There's no such thing as recognizing a symbol that has never been encountered before. It will just be an abstract shape with no meaning - like what words look like to someone that doesn't know how to read.
Shapes become symbols over repeated exposure and with added meaning. We've seen heart or star shapes many times, and they usually mean 'like' or 'love', or 'good job' or 'star'. Shapes like this are universally recognized for many people but the exact meaning will be slightly different depend on the person and the context and it will be difficult to modify their meaning for most people. For example, no matter how hard you try, you will unlikely be able to make people think "poison" just by looking at a heart shape.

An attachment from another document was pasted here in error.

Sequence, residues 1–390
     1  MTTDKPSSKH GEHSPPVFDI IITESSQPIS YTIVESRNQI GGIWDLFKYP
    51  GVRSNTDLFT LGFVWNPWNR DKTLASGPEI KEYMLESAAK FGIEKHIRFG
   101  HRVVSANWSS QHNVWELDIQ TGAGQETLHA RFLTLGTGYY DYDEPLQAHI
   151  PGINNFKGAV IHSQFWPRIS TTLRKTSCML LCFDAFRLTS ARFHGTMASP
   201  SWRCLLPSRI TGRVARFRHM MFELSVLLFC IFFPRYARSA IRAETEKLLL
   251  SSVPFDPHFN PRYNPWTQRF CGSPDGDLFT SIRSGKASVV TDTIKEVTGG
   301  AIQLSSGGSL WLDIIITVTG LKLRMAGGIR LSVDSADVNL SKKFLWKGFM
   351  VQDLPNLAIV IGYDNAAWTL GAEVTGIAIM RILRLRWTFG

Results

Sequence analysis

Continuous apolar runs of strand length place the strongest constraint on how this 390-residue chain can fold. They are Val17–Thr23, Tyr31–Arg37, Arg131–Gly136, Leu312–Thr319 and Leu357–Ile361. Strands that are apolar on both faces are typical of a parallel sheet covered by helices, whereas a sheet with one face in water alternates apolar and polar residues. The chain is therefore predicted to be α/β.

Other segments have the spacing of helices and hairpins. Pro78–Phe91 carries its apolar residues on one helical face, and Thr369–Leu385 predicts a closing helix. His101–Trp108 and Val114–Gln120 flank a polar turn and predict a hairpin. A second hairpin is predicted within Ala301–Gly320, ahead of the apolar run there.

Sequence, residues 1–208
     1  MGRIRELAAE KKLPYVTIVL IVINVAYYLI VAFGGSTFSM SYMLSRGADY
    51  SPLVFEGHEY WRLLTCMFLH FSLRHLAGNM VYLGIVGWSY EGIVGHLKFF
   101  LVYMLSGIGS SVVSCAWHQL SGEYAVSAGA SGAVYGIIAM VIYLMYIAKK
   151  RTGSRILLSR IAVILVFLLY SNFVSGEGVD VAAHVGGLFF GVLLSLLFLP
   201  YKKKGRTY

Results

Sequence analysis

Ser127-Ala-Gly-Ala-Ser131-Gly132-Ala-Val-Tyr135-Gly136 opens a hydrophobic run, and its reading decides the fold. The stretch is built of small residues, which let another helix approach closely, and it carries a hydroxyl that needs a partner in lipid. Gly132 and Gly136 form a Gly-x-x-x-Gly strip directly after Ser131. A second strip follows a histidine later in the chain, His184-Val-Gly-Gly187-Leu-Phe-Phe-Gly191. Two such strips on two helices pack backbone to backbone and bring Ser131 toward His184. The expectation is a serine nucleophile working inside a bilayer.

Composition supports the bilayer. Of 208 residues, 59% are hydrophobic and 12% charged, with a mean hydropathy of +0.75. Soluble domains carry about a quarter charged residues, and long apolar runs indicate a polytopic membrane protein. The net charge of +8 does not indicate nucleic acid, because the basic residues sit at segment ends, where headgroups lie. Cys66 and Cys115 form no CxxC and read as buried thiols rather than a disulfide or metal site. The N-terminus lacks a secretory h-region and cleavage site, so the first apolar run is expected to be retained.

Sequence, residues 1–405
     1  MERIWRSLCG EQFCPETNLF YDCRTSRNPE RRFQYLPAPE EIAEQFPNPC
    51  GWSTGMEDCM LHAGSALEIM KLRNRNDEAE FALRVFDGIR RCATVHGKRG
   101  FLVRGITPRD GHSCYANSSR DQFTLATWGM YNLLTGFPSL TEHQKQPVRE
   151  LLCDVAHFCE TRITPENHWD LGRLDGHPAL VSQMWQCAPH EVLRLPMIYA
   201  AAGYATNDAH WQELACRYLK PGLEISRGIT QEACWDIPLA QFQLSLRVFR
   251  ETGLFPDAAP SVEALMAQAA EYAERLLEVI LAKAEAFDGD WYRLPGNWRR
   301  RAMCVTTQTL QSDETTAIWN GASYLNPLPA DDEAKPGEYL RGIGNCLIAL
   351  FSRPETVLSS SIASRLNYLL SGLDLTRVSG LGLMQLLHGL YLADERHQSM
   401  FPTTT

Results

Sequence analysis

A shape that has never been encountered will need a label because it needs to be infused with a meaning. For instance, no one knew that the Nike symbol meant Nike without repeated exposure to both the symbol and the word. In this case the new shape referred to a new concept, so neither meant anything to anyone without repeated exposure.
A previously encountered shape that is getting an additional meaning added to it, like cloud shapes before cloud-computing, will be easily recognized but the new meaning might be forgotten unless it's reinforced over time. And if the new idea is too different from the more commonly held concept, it will probably be rejected.
To answer your question, an icon that has been in use before with a label will be more easily understood than an icon that has in use before with no label and a new shape with a new concept, and all three will be recognized over a shape that has never been used before at all and has no label to define it.